I did this by looking at George’s history. George was born and baptized in Moulton. About age 17 he enlisted in the Army and served in Army for over 20 years taking posts in North America, South Africa and East Indies. His earliest child was born in the late 1840s in Canada. My assumption now is that he met and married Elizabeth while posted in Canada, and then she followed him as he was posted from place to place. After retiring, he went to Wales. with his youngest family. Then it get curious. Sometime after 1871 census Elizabeth and her youngest children left Wales and went to Halifax where we find her with some children in the 1881 Canada census. While George in 1881 was in Woolwich, Kent with a son who was born in Cape Town and died in 1890 in Newmarket. It would seem that about 1871, he and his wife separated and she went “home” to Nova Scotia while he stayed in England.
Elizabeth probably left Halifax after parents died and lived near Boston to be near her children. I have not followed the travels of her other children but I suspect some other daughters also went to Boston.
Back to Alfred…
Ok, we “know” Alfred George Steadman’s approximate birth date and mother’s maiden name of West and place of birth in or around London. So, logically, the next step is to look in the GRO birth index. Here are the births registered that might fit:
Steadman, Alfred George; Q2 1858; Bethnal Green; Matthews
Steadman, Alfred William; Q2 1860; Guildford; (single mother)
Steadman, George; Q2 1857; Clifton; West (Clifton is near Bristol)
Steadman, Alfred; Q3 1852; St Olave Southwark; Beavan
Steadman, Alfred; Q1 1855; Croydon; Gambling
Steadman, Alfred; Q1 1861; Saffron Walden; Jonston
Steadman, Alfred John; Q2 1863; Poplar; Anson
Stedman, Alfred; Q1 1857; Ticehurst; Hollands
Stedman, Alfred William; Q3 1857; Chertsey; Tester
Stedman, Alfred; Q2 1855; Cuckfield; Baker
Stedman, Alfred; Q1 1862; Horsham; Young
Stedman, Alfred; Q1 1863; London City; Mills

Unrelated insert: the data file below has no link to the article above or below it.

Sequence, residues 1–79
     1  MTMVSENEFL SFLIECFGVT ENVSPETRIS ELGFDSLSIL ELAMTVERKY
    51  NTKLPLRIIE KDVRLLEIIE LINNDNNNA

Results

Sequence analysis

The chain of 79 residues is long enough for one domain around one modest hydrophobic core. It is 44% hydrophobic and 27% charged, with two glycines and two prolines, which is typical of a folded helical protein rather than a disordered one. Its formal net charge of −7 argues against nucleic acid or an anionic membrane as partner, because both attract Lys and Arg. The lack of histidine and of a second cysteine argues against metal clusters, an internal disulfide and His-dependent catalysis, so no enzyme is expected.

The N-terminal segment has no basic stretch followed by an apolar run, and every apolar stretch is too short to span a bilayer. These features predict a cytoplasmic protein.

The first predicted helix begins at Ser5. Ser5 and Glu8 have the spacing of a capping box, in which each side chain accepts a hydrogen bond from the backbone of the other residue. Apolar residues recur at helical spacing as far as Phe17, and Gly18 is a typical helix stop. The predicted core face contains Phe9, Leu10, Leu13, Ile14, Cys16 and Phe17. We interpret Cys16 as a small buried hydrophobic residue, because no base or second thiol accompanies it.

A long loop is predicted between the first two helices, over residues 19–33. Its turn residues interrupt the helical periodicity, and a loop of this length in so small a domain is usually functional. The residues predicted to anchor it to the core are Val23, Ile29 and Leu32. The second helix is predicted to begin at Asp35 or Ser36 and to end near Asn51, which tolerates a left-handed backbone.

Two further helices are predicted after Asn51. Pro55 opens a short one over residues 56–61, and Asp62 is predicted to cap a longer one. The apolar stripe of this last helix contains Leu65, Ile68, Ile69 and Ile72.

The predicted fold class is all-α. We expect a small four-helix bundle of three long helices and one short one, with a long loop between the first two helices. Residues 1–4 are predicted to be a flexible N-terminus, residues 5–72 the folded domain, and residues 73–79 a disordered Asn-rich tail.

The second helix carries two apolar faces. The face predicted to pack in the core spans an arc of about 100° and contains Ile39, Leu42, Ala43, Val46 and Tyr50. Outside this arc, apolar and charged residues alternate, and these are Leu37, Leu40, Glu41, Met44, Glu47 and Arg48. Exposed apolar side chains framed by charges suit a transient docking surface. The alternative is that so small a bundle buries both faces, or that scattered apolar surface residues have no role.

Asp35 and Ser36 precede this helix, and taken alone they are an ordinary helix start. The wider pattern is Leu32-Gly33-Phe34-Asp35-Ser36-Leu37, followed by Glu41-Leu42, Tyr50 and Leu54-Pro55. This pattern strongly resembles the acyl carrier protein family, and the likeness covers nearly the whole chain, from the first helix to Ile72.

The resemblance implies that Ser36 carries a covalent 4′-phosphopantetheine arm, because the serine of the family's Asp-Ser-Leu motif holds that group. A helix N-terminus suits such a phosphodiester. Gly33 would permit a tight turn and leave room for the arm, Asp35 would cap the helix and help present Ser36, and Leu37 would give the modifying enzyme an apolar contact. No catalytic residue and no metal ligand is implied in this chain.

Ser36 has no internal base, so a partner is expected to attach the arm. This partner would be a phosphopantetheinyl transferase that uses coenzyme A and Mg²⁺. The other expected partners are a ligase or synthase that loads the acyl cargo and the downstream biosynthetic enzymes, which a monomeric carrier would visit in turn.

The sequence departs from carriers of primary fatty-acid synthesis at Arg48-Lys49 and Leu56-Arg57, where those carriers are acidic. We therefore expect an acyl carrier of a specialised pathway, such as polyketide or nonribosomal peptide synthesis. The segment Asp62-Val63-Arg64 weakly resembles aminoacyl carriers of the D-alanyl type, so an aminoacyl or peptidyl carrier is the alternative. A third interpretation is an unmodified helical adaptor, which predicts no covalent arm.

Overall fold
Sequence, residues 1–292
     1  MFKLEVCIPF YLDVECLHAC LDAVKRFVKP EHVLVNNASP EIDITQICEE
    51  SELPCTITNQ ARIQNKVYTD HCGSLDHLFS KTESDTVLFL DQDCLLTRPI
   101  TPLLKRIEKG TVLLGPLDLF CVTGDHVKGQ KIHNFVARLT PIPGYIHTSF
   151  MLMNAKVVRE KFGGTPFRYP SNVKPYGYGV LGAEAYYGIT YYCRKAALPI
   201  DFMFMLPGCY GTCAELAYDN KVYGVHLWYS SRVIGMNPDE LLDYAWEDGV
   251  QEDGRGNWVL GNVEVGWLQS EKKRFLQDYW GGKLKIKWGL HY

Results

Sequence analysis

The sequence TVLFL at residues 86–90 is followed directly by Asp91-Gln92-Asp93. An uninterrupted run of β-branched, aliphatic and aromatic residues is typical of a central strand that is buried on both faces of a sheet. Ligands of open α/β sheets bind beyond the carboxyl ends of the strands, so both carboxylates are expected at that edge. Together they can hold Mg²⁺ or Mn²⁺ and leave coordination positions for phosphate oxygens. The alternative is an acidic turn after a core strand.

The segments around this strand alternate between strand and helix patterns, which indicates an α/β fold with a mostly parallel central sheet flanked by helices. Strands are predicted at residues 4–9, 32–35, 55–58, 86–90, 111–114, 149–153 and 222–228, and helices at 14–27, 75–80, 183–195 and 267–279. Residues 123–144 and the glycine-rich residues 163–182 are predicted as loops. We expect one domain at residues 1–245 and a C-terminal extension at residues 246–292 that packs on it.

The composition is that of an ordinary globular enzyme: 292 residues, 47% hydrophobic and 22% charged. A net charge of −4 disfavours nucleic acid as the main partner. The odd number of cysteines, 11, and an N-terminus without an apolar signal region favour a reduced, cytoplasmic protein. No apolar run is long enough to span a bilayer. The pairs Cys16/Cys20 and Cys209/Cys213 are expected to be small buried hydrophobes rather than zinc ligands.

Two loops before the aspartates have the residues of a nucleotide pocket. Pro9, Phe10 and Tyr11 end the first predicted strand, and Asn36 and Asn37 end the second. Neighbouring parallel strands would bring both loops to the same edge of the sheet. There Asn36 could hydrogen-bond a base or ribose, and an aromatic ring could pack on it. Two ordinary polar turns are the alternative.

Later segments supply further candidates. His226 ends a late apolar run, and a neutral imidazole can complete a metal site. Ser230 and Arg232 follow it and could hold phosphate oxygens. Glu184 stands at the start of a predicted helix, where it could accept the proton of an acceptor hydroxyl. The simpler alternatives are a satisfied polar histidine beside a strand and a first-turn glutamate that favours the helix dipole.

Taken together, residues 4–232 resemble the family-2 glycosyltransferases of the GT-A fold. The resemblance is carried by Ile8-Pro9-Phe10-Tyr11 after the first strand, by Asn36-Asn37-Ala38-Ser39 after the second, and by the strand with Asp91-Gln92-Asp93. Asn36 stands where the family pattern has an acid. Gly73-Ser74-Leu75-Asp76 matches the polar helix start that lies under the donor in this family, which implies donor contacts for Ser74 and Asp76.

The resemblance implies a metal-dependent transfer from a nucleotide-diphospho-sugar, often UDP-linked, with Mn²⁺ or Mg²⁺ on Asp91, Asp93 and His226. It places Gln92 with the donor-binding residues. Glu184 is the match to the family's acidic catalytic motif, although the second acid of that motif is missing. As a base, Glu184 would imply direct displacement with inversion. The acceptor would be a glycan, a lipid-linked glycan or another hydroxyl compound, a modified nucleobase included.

Stedman, Alfred; Q4 1865; Newington; Pewell
Stedman, Alfred Christoffer; Q3 1864; Mile End Old Town; Christoffer
Stedman, Alfred Plummer; Q2 1862; Camberwell; Newland
Stedman, Alfred Thomas; Q2 1862; Dover; Newing
Stedman, Alfred William; Q3 1863; Bosmere and Claydon; Mudd
Stedman, Fred; Q2 1865; Guildford; Tester
Studman, Alfred; Q2 1860; Kensington; Martin
Studman, Alfred; Q2 1862; Hitchin; Grant
I have not researched each of these Alfred Stedman/etc. Preliminary research does not suggest that any of these are “my” Alfred. I can find no Ann Stedman/etc. born in the time period around 1865 with a mother with a surname of West; further, none have a surname matching any of the above Alfreds.
Maybe the surname was mis-transcribed? I searched on FreeBMD, all of the Alfred George and George Alfred men whose birth was registered from 1855-1859; none of the obvious mis-transciptions were found. I checked FreeBMD if it had any further Alfreds than I found in GRO index. Nope.
We had one Alfred George Steadman born in approximately the right time with a mother with maiden name Matthews. The is no Ann* Stedman/etc. with mother maiden name Matthews.
The only possible Stedman/etc – Matthews marriage was an 1852 Thomas Stedman and Mary Ann Matthews on in Bethnal Green. The only Alfred Stedman/etc. – Sarah marriage was 1852 St Olave Southwark marriage between Alfred and Sarah Beavan.
I am continuing to pursue other searches using Ancestry and FindMyPast. I think Alfred is a real Stedman of some spelling, but it is obvious that I am missing something. The fact that I have two siblings who both quote the same parents suggests that Alfred might have died young and Sarah remarried a West and also used another given name; however FreeBMD does not indicate any such marriage having been registered.
At this point, I am looking for suggestions of further paths to research.